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Africa Geographic
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Africa Geographic Travel

Back in October 2015 Stephanie Rendon was enjoying an evening game drive in South Africa’s Madikwe Safari Lodge, and came upon a group of elephants. The matriarch was not happy with the appearance of these tourists, as is evident in the video below. Please also read below the video the frank reply from the lodge owners to our request for feedback:


She commented on the video saying that, “Michael was our guide and we were so happy to have him leading our charge. This was one of the highlights of our honeymoon and certainly the highlight of the game drives. My husband filmed this entire scene. I dropped my camera after the first charge, I was scared silly. Hope everyone who visits Madikwe Safari Lodge has a life changing experience. We loved it.”

Upon seeing the above video clip, Africa Geographic contacted Madikwe Safari Lodge for comment and were sent the following statement:

On the morning of Friday 26th August, it was in horror that we watched a clip filmed on safari at Madikwe Safari Lodge in October 2015, where a honeymoon couple and vehicle full of guests endured an almost-7-minute elephant charge under the control of one of our field guides. Despite being mortified that this abominable behavior was from one of our own, we are extremely grateful to have seen this clip, as we are now able to ensure that a situation like this is never repeated, and that the guide in question is dealt with appropriately.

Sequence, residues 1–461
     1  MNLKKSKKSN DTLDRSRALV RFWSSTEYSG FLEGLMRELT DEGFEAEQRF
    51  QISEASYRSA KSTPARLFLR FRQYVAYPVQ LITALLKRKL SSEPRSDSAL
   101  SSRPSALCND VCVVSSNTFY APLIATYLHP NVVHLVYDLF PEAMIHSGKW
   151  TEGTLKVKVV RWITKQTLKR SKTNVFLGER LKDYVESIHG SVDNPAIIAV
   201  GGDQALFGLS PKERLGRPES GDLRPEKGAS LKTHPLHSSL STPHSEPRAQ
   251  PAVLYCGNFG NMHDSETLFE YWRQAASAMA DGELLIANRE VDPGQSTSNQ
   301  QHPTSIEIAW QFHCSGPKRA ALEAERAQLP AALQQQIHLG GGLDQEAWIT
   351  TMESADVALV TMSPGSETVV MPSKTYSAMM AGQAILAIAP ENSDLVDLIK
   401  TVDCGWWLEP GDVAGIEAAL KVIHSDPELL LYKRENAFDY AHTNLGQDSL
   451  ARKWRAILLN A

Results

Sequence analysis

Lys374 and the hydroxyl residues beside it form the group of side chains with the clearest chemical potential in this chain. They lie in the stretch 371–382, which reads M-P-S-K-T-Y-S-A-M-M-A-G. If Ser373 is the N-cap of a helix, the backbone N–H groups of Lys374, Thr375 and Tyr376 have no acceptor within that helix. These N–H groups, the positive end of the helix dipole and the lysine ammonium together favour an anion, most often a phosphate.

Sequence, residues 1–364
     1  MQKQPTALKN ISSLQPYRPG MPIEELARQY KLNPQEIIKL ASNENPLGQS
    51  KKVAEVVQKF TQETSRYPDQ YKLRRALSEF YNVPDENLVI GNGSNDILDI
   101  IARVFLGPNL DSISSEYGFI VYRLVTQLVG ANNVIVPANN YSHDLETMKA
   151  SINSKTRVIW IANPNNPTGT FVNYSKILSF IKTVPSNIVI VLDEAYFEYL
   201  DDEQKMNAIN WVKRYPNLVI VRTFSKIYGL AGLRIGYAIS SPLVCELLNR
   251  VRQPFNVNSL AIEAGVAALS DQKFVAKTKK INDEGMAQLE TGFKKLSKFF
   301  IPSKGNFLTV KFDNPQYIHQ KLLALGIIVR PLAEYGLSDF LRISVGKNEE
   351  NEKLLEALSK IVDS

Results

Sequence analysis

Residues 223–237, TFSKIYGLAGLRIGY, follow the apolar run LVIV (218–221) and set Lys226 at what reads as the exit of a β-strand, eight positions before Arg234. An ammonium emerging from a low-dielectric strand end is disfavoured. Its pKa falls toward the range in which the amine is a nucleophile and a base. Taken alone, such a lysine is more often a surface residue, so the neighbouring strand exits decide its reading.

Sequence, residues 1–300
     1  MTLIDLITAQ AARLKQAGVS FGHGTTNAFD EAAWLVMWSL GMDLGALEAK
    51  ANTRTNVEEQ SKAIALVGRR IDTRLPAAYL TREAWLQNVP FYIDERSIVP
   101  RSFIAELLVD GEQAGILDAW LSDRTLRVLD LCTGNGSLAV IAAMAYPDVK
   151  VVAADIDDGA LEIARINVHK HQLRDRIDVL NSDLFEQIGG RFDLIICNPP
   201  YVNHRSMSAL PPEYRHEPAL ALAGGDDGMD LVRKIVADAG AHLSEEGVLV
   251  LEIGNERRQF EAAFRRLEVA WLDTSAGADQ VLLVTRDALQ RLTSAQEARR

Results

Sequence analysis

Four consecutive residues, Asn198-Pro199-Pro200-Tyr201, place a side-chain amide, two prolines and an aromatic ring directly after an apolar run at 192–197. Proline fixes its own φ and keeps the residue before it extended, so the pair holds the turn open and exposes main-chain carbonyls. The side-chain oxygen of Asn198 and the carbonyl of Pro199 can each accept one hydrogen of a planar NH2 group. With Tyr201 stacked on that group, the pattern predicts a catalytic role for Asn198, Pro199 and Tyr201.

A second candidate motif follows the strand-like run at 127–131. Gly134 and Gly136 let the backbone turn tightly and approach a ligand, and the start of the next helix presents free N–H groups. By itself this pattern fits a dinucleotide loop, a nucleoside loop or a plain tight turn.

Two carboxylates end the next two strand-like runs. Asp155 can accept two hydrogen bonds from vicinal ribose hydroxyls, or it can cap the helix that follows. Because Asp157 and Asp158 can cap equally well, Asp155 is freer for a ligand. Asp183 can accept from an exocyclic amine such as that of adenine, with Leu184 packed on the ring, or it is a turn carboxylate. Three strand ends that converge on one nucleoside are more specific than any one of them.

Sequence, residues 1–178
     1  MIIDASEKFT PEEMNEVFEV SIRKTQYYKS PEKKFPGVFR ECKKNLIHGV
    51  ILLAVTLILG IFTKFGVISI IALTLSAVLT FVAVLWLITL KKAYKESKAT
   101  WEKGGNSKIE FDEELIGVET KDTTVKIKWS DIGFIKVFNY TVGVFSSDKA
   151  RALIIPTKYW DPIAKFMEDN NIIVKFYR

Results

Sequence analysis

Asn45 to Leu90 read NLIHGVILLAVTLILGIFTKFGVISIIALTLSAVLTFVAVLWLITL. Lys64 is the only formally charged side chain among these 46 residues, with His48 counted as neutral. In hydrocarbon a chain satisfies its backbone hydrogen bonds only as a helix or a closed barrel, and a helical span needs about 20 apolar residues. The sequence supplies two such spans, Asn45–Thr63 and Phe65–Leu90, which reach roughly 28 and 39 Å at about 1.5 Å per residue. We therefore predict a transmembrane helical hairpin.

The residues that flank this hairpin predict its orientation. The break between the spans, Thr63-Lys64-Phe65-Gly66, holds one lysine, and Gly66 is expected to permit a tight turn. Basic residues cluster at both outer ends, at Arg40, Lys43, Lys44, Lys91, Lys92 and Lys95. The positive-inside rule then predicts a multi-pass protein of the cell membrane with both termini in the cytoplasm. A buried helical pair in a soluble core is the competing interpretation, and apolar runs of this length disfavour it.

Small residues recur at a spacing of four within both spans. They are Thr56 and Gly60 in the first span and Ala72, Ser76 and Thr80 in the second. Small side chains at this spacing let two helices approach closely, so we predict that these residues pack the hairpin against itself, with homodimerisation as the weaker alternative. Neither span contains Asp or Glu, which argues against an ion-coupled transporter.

We would like to address a few different aspects of this very unfortunate encounter.

1. How the encounter should have been handled

By any professional guiding standards, respect of wildlife and the environment is akin to the Hippocratic oath in the medical fraternity. The behaviour of this guide was anything but respectful. Gawie Grobler, General Manager of Marataba South Africa and long-time field guide within the MORE group, has provided his synopsis of the clip below, as well as given his view on how the situation should have been handled:

“The guide saw the elephant herd from a distance. He could also see that the breeding herd had a specific path they were following towards a waterhole. The herd was quite dispersed, and had a lot of youngsters with them. Any herd with youngsters should always be treated with great care.


“The guide stopped a distance away from them, at approximately 40 meters. The elephant cow gave the first warning to stay away. She was not the last one to cross the road and therefore wanted to make sure that the herd was safe from any potential danger – in this case, the vehicle. She then gave a second warning by charging towards the side of the vehicle, the most vulnerable part of the car. At this point, the guide did the correct thing by raising his voice at her. Also note that he was still parked in the road. This means that he could easily have moved off along the road had he respected the clear body language and multiple warnings from the elephant.


“The elephant then moved away before turning again and warning them again for the third time. The guide then did the right thing (which he should have done earlier) by starting his vehicle and moving backwards. The elephant came closer again – for the fourth time. Again, the guide did the right thing by standing his ground, using the engine noise to his advantage. The elephant adhered to the response and actually moved off.